Philip C. J. Donoghue

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The fossil record suggests a rapid radiation of placental mammals following the Cretaceous-Paleogene (K-Pg) mass extinction 65 million years ago (Ma); nevertheless, molecular time estimates, while highly variable, are generally much older. Early molecular studies suffer from inadequate dating methods, reliance on the molecular clock, and simplistic and(More)
Bayesian inference provides a powerful framework for integrating different sources of information (in particular, molecules and fossils) to derive estimates of species divergence times. Indeed, it is currently the only framework that can adequately account for uncertainties in fossil calibrations. We use 2 Bayesian Markov chain Monte Carlo programs,(More)
Current information on the conodonts Clydagnathus windsorensis (Globensky) and Promissum pulchrum Kovács-Endrödy, together with the latest interpretations of conodont hard tissues, are reviewed and it is concluded that sufficient evidence exists to justify interpretation of the conodonts on a chordate model. A new phylogenetic analysis is undertaken,(More)
A great tradition in macroevolution and systematics has been the ritual squabbling between palaeontologists and molecular biologists. But, because both sides were talking past each other, they could never agree. Practitioners in both fields should play to their strengths and work together: palaeontologists can provide minimum constraints on branching points(More)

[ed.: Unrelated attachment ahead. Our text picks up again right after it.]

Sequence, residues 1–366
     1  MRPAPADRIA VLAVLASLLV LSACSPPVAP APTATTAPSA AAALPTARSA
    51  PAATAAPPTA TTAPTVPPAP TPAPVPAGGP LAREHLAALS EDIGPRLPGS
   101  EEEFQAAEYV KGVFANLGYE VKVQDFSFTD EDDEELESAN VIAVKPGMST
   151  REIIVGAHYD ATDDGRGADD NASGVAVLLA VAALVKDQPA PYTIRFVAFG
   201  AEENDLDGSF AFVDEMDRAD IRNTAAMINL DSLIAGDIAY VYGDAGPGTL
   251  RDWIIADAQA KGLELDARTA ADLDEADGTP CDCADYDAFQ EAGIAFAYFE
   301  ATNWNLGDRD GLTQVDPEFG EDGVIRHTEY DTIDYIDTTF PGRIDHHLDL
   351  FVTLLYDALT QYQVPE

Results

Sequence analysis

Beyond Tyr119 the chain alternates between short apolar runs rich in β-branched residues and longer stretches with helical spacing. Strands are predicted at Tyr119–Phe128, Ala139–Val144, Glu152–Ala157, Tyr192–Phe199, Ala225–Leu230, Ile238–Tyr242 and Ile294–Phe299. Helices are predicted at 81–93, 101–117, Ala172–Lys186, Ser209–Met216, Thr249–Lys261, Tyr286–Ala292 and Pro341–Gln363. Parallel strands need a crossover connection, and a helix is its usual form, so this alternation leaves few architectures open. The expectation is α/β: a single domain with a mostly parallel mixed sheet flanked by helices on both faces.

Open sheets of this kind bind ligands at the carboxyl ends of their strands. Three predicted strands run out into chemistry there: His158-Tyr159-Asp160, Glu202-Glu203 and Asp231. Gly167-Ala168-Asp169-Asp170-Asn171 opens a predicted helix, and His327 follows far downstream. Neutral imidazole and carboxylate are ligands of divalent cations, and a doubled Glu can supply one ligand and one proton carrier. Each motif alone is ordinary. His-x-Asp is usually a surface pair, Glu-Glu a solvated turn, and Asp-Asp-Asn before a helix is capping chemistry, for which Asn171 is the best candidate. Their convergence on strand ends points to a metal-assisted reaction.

permits unrestricted non-commercial use, distribution, and reproduction in any medium, provided the original work is properly cited. Our ability to correlate biological evolution with climate change, geological evolution, and other historical patterns is essential to understanding the processes that shape biodiversity. Combining data from the fossil record(More)
Recognition that conodonts were the earliest vertebrate group to experiment with skeletal biomineralization provides a window in which to study the origin and early evolution of this developmental system. It has been contended that the conodont skeleton comprised a classic suite of vertebrate hard tissues, while others suggest that conodont hard tissues(More)
Most living vertebrates are jawed vertebrates (gnathostomes), and the living jawless vertebrates (cyclostomes), hagfishes and lampreys, provide scarce information about the profound reorganization of the vertebrate skull during the evolutionary origin of jaws. The extinct bony jawless vertebrates, or 'ostracoderms', are regarded as precursors of jawed(More)
Many of the features that distinguish the vertebrates from other chordates are derived from the neural crest, and it has long been argued that the emergence of this multipotent embryonic population was a key innovation underpinning vertebrate evolution. More recently, however, a number of studies have suggested that the evolution of the neural crest was(More)
Five decades have passed since the proposal of the molecular clock hypothesis, which states that the rate of evolution at the molecular level is constant through time and among species. This hypothesis has become a powerful tool in evolutionary biology, making it possible to use molecular sequences to estimate the geological ages of species divergence(More)